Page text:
“One of the main focal points of the traditional Passover seder is the maggid, the telling of the story of the Exodus from Egypt,” according to the website reformjudaism.or/jewish-holidays/passover/four-questions. “This story begins with the youngest person at the seder asking the Four Questions (Mah Nishtanah). These questions provide the impetus for telling why this night is different from all other nights.”
In 2021, a very different four questions:
The Question: Why is this Spring different from all other Springs?
The Answer: This Spring is different because at the time of this writing we are marking One Year since COVID-19 changed our lives.
There was and continues to be so much loss.
Loss of life, loss of health (mental and/or physical), loss of work.
Teachers, students and parents are forced to figure out different ways of teaching and learning, and lost time with those we love.
As a result of this perfect storm of events, there are more food insecure families than ever, here, and in towns all over the country.
The Question: What does Food Insecurity look like?
The Answer: There is no “look” to Food Insecurity.
Many years ago, after one of Monroe Temple’s many ongoing Food Drives, someone working for my haircutter came over to thank me/us for doing this.
She shared that she herself, is a single mom, divorced with 2 children, and an ex that did not always provide.
She went on to explain that even though she works, on her salary there are weeks where she just can’t make ends meet.
Those weeks she goes to the Local Food Pantry to fill the gaps.
The Question: Tell me again what this has to do with anything?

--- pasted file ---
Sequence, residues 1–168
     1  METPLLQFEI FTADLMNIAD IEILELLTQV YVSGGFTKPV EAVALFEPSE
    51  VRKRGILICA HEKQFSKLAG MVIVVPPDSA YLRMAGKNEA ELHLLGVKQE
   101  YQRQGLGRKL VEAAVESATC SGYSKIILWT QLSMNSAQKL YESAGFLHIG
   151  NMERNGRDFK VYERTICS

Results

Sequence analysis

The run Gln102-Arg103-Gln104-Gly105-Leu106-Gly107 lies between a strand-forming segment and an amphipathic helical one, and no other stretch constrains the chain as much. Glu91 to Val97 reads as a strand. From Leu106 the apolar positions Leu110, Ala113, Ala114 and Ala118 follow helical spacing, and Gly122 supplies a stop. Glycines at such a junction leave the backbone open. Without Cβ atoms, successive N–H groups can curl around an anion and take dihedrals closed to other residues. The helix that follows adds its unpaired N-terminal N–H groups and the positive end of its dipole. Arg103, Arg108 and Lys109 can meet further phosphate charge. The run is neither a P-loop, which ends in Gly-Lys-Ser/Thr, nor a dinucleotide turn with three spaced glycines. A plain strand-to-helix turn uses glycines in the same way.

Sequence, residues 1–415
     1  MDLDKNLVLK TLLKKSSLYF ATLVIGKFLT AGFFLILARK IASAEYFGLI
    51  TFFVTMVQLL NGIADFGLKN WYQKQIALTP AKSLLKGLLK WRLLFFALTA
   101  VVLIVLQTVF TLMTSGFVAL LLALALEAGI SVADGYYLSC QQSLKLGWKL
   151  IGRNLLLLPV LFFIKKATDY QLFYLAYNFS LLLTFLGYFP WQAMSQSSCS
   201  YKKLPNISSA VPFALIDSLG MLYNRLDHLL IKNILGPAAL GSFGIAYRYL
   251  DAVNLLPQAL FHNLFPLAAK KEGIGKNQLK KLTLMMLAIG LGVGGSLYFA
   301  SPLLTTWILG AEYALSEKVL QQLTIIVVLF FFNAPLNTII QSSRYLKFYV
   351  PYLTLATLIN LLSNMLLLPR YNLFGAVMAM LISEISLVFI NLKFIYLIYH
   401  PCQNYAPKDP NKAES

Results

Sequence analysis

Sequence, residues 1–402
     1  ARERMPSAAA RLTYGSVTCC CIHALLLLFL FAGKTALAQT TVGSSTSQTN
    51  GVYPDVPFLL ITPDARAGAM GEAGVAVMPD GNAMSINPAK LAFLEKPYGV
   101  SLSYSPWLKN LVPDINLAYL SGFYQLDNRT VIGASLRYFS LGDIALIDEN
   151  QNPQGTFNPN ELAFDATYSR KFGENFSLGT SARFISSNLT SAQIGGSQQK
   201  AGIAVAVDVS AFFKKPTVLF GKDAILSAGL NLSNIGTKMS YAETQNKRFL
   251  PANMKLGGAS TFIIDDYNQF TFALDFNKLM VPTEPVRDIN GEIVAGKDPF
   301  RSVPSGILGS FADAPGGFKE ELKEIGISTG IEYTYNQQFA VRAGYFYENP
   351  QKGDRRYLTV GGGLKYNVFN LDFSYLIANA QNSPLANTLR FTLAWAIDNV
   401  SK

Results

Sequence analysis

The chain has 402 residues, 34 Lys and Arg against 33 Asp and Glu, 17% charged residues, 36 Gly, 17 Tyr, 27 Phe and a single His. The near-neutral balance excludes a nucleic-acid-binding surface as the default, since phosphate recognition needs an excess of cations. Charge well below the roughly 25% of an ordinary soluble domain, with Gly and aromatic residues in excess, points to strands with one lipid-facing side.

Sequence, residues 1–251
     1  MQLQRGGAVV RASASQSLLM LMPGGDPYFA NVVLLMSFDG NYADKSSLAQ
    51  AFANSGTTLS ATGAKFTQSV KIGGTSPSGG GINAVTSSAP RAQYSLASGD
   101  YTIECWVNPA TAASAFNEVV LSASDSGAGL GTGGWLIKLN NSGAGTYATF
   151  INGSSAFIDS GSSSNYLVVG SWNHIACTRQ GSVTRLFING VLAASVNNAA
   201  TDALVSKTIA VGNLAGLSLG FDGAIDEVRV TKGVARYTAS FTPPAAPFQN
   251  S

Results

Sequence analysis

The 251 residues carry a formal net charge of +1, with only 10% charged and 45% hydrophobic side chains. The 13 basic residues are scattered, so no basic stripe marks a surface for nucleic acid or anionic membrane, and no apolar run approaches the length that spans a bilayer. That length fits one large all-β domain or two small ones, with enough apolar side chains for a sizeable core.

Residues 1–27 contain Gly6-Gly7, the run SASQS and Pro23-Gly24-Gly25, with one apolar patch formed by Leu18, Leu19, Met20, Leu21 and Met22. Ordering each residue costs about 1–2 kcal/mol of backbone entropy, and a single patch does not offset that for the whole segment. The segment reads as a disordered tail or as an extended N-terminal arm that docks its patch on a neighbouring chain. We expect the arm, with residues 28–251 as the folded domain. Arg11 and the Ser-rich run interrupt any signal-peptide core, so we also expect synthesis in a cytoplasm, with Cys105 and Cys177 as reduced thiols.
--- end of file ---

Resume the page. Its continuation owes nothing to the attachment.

The Answer: One year later, early blossoms let us know sunnier days are on the way, but we all know it could still snow.
Spring is a time of hope and renewal. It is a time when many of us like to treat ourselves to an uplifting indulgence as we look forward to the beauty of the season.
The Question: What is the point of all of this?
The Answer: There are ways we can help our local restaurant owners and the food insecure.
Many of you already donate food and much needed funds to our Local Food Pantries. They are so grateful for the much needed support. Your ongoing donations put food on the table of so many yet it is still hard to keep up with the demand.
One More Question: What can I do?
Buy gift certificates from our local restaurants and donate them to the local food pantries. I have been assured by those who run the food pantries a gesture such as a hot meal from a restaurant will provide a touch of the hope that comes with Spring, that things will get better.
The only preference is that establishment offer hot breakfast and lunch as this is where the need is greatest.
Donations from any Monroe-Woodbury restaurant is greatly appreciated.
How to help: The gift of a meal
Step 1: Buy a gift certificate from any restaurant in the Monroe-Woodbury area, this is a must for our local Monroe-Woodbury Food banks to be permitted to distribute the gift of a meal.
Step 2: Bring gift certificate to the local food pantries located at the Grace Presbyterian Church, Monroe United Methodist Church or Our Father’s Kitchen.
If you are unable to get there in person, an alternative drop off for gift certificates is the Monroe Temple of Liberal Judaism and Plaza Optical of Monroe.
Step 3: Look in the mirror and smile. You just helped a restaurant owner stay in business and brightened the day of someone in need with a random act of kindness.
Step 4: If you do live outside Monroe and Woodbury, please share idea in your hometown.
Betsy Utnick is the Social Action chair for the Monroe Temple.